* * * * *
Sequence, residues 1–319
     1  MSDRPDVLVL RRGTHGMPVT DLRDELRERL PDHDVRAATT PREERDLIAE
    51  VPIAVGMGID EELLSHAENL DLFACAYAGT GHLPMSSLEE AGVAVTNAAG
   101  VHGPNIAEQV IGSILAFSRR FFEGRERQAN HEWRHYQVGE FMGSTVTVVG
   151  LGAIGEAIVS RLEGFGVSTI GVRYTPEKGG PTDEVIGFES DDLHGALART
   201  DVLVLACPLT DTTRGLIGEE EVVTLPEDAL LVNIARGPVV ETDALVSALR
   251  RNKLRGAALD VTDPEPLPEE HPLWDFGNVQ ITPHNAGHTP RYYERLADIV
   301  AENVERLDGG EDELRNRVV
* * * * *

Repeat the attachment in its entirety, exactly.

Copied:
Sequence, residues 1–319
     1  MSDRPDVLVL RRGTHGMPVT DLRDELRERL PDHDVRAATT PREERDLIAE
    51  VPIAVGMGID EELLSHAENL DLFACAYAGT GHLPMSSLEE AGVAVTNAAG
   101  VHGPNIAEQV IGSILAFSRR FFEGRERQAN HEWRHYQVGE FMGSTVTVVG
   151  LGAIGEAIVS RLEGFGVSTI GVRYTPEKGG PTDEVIGFES DDLHGALART
   201  DVLVLACPLT DTTRGLIGEE EVVTLPEDAL LVNIARGPVV ETDALVSALR
   251  RNKLRGAALD VTDPEPLPEE HPLWDFGNVQ ITPHNAGHTP RYYERLADIV
   301  AENVERLDGG EDELRNRVV